If there’s one thing we don’t love around here, it’s high roaming charges. We’re big advocates of taking phones on the road, of course, we just prefer not to pay a fortune to use them. That’s why we recommend unlocked smartphones and local SIM cards or eSIMs for almost every traveler.
Cheap data connections like these come in handy for many things when you’re traveling, and we recommend buying one if you’ll be in a country for any length of time. They’re typically readily available, straightforward to install, and let you use your phone just like you would at home.
Well, mostly. As it happens, iPhones can have a bit of trouble adjusting to their new location. While they’ll easily recognize the new SIM for voice calls and general data use, some features may not be quite so compliant. That’s especially true for iMessage and FaceTime.
This little kink first came to haunt me on a trip to Panama. Calling and WhatsApp happily accepted the new SIM, and I didn’t think to check other apps until a friend e-mailed me, a little bewildered, asking me why I wasn’t replying to my iMessages.
Puzzled, I checked the settings on my iPhone, only to find both iMessage and FaceTime were disconnected. Well, technically they were “waiting for activation”, the screen told me, but the end result was the same: they didn’t work.
It wasn’t a fluke, unfortunately, as the same thing happened on other trips: going back to Mexico after Panama, to Spain to visit family, to the US for work. I’m hardly the only one, either: I found plenty of complaints during one particularly-desperate attempt to fix the problem.
Of course, you don’t have to be traveling to encounter this problem. Swapping SIM cards at home (like when you switch to a new cell company) can cause exactly the same problem. Whether you’re in your kitchen or thousands of miles from home, it’s a major frustration.
Here’s what I’ve learned about fixing it.
Why It Happens
The iMessage bug doesn’t only happen when changing to an international number, but also if you change providers within the same country, and even when upgrading to a new operating system.
The first time it was widely reported was after the iOS 7 launch in 2013, and Apple admitted there was a bug preventing iMessage and FaceTime from working properly on both iPhones and iPads in certain situations. The company promised to have a fix ready for the next software update.
Alas, it didn’t, and users have continued to report problems ever since. For a decade now, iPhone and iPad users have been left to their own devices to find a cure.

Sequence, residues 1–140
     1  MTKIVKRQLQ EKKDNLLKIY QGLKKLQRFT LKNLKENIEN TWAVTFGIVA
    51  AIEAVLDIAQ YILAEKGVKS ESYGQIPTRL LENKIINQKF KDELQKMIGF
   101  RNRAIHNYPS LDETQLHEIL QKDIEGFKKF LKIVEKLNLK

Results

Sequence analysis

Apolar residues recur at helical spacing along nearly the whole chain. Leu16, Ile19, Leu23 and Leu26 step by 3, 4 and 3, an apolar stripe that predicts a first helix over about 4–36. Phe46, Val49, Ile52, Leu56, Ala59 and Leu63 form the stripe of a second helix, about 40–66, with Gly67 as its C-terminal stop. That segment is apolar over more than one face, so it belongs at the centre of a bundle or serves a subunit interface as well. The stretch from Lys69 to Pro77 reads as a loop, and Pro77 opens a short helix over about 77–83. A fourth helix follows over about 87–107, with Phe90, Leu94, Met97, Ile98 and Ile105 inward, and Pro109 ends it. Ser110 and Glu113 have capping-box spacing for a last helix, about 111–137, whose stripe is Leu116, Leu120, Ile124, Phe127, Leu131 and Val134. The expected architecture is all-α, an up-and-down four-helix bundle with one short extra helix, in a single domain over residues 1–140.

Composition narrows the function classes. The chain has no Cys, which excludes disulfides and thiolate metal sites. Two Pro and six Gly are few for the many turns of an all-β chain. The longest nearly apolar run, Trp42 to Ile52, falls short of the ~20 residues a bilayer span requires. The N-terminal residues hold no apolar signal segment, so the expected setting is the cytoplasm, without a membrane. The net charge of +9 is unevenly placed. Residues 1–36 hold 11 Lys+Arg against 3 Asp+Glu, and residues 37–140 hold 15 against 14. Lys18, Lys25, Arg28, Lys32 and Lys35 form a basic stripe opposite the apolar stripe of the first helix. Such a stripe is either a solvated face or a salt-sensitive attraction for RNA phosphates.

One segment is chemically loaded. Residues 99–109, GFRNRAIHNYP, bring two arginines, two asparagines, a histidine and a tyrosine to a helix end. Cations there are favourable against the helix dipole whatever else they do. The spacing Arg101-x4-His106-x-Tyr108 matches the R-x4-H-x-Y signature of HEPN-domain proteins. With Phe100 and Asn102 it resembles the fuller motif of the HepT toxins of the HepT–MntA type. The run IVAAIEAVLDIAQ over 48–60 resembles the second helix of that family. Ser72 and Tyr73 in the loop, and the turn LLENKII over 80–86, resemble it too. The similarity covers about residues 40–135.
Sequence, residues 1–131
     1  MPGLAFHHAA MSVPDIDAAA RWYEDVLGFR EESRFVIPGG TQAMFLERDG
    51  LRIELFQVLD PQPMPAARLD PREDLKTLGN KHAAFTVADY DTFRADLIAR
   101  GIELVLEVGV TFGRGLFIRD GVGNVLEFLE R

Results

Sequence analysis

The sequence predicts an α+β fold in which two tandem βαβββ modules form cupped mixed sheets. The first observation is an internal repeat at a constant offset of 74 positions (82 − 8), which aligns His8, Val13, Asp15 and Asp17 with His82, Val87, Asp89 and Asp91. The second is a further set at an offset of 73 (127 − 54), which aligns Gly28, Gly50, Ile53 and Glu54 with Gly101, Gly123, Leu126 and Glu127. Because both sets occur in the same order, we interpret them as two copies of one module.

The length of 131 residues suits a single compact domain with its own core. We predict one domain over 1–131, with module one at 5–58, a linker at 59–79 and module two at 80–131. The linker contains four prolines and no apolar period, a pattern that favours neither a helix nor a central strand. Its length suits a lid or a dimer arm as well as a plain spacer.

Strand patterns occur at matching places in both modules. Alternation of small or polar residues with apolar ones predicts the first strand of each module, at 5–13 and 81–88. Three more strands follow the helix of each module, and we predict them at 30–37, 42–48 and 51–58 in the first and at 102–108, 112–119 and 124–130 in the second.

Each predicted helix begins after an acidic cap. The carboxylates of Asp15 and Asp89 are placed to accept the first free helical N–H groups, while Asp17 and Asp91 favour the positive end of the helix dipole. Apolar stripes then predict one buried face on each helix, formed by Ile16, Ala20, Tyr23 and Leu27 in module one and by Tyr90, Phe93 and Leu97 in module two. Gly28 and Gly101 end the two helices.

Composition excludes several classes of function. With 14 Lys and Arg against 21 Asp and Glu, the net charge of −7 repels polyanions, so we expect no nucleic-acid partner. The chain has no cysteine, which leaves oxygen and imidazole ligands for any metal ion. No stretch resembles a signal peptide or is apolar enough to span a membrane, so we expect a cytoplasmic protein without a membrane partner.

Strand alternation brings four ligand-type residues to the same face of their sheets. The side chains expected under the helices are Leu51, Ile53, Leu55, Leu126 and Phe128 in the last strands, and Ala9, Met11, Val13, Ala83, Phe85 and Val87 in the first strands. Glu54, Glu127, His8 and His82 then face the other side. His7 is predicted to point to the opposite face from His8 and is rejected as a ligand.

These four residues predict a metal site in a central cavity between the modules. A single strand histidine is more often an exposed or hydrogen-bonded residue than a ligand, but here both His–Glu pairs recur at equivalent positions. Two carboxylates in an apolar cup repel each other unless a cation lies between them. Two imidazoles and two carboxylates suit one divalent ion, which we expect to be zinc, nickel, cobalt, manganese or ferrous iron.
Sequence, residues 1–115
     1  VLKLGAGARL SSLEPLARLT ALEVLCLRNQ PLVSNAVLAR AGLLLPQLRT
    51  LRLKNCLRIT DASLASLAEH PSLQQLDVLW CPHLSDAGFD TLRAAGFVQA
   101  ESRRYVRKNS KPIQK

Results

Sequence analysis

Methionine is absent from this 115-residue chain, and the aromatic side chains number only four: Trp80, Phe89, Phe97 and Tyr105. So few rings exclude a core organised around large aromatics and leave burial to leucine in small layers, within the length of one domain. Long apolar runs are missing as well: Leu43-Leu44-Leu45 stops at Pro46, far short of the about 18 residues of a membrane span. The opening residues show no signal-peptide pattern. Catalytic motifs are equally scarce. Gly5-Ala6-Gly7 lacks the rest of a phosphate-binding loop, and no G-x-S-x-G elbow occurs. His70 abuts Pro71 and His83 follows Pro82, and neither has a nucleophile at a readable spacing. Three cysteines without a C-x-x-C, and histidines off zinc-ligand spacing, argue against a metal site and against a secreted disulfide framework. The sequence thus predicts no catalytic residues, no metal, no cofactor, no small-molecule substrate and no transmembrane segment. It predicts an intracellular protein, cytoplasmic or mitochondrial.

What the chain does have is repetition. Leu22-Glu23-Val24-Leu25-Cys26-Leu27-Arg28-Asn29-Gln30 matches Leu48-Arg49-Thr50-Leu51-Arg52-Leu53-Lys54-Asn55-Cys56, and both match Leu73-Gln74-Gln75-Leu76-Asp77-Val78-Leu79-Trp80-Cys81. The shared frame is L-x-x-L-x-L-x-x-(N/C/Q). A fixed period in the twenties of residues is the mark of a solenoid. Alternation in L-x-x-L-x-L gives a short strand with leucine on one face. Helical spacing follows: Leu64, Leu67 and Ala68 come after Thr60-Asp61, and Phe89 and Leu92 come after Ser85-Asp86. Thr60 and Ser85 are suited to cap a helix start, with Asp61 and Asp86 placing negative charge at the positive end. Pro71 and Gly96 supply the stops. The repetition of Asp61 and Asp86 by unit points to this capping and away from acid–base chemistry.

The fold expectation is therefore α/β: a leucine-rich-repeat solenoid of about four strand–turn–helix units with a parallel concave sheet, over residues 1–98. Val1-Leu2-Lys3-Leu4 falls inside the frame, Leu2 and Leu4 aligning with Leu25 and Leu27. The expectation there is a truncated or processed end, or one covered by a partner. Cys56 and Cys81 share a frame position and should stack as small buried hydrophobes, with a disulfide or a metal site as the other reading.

How To Fix It
There are a number of little tricks to try to fix the problem, but sadly no foolproof solutions. Here’s the simplified version, with the most successful approaches first. If one suggestion doesn’t work for you, just work your way down the list.
Use Your Email Address Instead of Your Phone Number
Probably at least partially in response to this issue, Apple introduced the ability to link your Apple ID email address with iMessage and Facetime. In the past, you could only use your phone number, which then became a problem when that number was no longer accessible. Like, for example, when swapping SIMs.
The problem is that by default, it’s your phone number–and only your phone number–that gets used when you first set up iMessage or Facetime. That’s why it’s worth checking how things are currently set up on your device(s), and adding your email address if it’s not there already.
This gives an additional way for messages and calls to get through, and could well solve your problem. You may need to start a new chat thread with people who’ve used your phone number for iMessage in the past, but that should be the only change you (potentially) need to make.
This simple guide outlines the process: it shouldn’t take more than about 20 seconds, even if you type slowly.
Have You Turned It Off and On Again? No, Really.
IT departments the world over have said it loud and clear: the first order of business when trying to fix anything tech-related is turning the device off and on.
This step is two-fold in this case. You should first try to turn iMessage and FaceTime off for a few minutes, then back on and check if the app has picked up the changes.
If that doesn’t help, turn off your iPhone or iPad, and fire it back up again. In most cases this will have done the trick. If it didn’t, keep reading.
Add a Little Credit